Turning a cold space into a warm space is absolutely doable, but the trick is doing it the right way to avoid creating longer term health or structural problems later.
The proper way to create a warm space is to create two different kinds of protections against the elements - a thermal break to hold in heat, and a moisture barrier to hold in water.
The thermal break is the obvious part - you want it to be warm, so you need to create a layer that doesn't conduct heat well and put it between your warm and cold spaces.
The moisture barrier is the less obvious and yet more important part. Wherever warm air touches a cold surface you get condensation. Condensation in an enclosed space - such as inside of a wall or insulated cavity - is a bad thing, because now you're getting organic materials such as wood and gypsum wet, which turns them from construction materials into mold food. Mold being bad (read - toxic) its important to create a complete barrier that keeps moist warm air from getting into cold, closed spaces. (Once the moisture gets into the wall it wont come out again anywhere near as fast as it got in, so it'll just keep building up).
The 2nd part here is you've got walls and a roof to deal with. Since you don't have a ceiling, and since it sounds like you don't really want to install one, you can treat the two the same. Thus I'll explain how to properly insulate your walls, and you can do the same for your roof over the garage. But bear in mind if you install a ceiling, then the roof has to be handled differently from the walls.
So - how do you insulate your walls safely?
First - yes you can use shredded denim insulation, or fiberglass, or cellulose, or spray foam. If cost is your primary concern, then you're going to trade off money for time.
The fastest but definitely not cheapest way to handle your problem is spray foam. With spray foam (closed cell foam being preferred over open cell foam) you spray (or have someone spray) a liquid compound into the wall cavities and the liquid foams up and then solidifies. What you get is a dense, seamless, tightly packed rigid material that has excellent insulation qualities and acts as a vapor barrier all on its own. In your case you could spray the walls and roof in one day and almost instantly have a workable warm space.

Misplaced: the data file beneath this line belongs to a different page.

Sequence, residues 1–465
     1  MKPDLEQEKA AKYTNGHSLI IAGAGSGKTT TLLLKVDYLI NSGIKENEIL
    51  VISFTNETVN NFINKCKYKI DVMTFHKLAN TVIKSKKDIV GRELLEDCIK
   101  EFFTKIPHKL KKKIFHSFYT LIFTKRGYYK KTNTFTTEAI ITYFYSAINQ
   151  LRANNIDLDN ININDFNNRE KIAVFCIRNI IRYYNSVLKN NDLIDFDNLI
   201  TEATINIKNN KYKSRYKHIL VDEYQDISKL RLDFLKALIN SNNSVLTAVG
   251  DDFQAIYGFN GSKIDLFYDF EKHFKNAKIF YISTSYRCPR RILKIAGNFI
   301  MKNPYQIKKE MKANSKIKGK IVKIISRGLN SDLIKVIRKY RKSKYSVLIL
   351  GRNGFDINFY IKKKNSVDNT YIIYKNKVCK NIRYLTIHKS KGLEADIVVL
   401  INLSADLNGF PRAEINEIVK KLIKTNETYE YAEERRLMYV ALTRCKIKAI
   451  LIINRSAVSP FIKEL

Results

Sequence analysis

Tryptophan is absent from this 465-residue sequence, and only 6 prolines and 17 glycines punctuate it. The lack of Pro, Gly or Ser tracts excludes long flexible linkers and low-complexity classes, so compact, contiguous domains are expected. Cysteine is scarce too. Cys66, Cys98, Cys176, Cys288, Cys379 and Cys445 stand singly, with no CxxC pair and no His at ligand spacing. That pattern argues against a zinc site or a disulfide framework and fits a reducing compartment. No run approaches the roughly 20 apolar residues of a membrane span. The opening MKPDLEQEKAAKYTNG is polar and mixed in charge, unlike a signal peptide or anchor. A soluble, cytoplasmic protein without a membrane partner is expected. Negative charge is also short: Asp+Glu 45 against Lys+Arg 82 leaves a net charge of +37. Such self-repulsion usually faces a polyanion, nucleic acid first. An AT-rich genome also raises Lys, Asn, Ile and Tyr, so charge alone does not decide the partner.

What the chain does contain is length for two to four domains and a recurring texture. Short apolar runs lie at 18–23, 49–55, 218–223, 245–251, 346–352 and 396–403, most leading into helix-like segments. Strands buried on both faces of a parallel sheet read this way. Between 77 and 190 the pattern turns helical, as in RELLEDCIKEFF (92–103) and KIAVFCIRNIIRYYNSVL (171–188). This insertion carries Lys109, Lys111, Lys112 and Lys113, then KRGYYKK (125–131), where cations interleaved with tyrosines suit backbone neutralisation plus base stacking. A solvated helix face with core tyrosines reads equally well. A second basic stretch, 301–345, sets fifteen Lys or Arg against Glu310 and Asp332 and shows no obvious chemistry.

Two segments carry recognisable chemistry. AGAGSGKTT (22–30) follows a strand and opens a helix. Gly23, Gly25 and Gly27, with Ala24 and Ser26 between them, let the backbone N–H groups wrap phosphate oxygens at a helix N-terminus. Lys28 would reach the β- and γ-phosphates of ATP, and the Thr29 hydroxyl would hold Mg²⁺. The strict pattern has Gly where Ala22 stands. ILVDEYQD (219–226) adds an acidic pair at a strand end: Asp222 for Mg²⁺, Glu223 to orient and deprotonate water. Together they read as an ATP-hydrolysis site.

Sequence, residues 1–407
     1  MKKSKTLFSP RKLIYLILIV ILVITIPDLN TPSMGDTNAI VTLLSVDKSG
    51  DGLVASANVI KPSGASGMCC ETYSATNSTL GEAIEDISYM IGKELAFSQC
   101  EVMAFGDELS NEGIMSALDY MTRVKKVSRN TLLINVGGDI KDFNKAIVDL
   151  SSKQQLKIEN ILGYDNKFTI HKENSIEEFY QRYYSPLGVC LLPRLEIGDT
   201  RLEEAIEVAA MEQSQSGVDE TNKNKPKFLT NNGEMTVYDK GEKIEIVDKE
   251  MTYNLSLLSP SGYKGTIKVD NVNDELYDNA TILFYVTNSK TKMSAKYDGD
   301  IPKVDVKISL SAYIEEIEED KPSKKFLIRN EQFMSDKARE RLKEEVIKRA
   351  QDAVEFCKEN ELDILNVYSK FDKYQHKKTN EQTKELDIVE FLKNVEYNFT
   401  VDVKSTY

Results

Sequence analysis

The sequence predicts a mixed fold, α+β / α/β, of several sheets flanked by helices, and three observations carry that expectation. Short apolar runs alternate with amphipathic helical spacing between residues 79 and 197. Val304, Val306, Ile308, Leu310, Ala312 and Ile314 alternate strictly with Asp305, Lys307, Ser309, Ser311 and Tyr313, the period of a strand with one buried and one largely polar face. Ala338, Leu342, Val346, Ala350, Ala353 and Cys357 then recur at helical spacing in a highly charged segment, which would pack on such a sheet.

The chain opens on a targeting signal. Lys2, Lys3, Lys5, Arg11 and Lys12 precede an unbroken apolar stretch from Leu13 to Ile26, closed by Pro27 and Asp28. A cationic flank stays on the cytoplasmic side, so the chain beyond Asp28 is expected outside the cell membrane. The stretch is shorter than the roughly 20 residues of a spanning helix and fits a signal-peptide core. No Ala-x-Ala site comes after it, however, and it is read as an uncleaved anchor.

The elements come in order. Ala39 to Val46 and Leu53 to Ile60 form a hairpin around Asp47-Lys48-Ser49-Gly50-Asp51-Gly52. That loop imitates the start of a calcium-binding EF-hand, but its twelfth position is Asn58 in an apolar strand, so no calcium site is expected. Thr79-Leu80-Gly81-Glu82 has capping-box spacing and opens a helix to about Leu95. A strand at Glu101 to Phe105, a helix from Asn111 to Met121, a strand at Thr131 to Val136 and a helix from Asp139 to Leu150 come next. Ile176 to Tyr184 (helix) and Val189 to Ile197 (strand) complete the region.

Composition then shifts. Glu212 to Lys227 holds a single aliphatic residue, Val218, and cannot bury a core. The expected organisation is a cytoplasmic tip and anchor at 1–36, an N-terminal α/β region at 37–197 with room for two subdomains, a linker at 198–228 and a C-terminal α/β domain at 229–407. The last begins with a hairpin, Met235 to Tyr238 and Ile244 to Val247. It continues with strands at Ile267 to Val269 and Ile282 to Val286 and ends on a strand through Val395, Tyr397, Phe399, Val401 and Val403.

For any other kinds of insulation, its a bit more involved. The installation of the insulation is pretty straight forward - its the vapor barrier that's the issue. You can use fiberglass with paper backing, but personally I don't think that seals up as well, and I consider it a good idea to tape all the seams after they're stapled down, for extra measure... (taping seams will be covered more in a moment)
This is NOT how you install it:
Note how its all compressed and tucked in? That kills the insulation value (R-value). I've heard/seen it argued that you should tuck the backing in so that drywallers can glue the drywall to the framing - they use screws. I've never heard of drywallers doing this - and I don't think its worth surrendering the R-Value for drywall glue... Plus if they really do want to glue, well you install furring strips (as they did in the above pic) and glue to those...
IMO THIS is how you install paper backed fiberglass:
Flaps folded over the studs, and stapled down. (Then tape the seams for extra measure as well as taping any tears). I still also don't trust paper as a vapor barrier, though often times its paper/plastic laminate in which case it'll probably be fine.
Alternatively you can install an unbacked style (no paper, just insulation) - and then you add the vapor barrier by adding a layer of plastic, like so:
Here the plastic is hung up over top of the insulation, taped at its seams and so forth.
Here's the critical bit - YOU MUST NOT FAIL TO TAPE ANY SEAMS/GAPS IN THE VAPOR BARRIER.
A tiny pinhole in your vapor barrier can let in a whole cup of water in a season as warm moist air pushes into the cold space. So you have to create a completely solid barrier against moisture all the way around the edges, on all the seams, and in any tears you inadvertently create.
Because this vapor barrier is so important, you should drywall or protect it in some other fashion. (You want to create storage - consider sheets of plywood instead of drywall to create extra strong mounting surfaces for shelves ) If you leave the barrier exposed, it's gonna get damaged, and then its gonna lead to mold and rot.
If you spray foam, however, since its rigid and 4" thick, you can leave it exposed.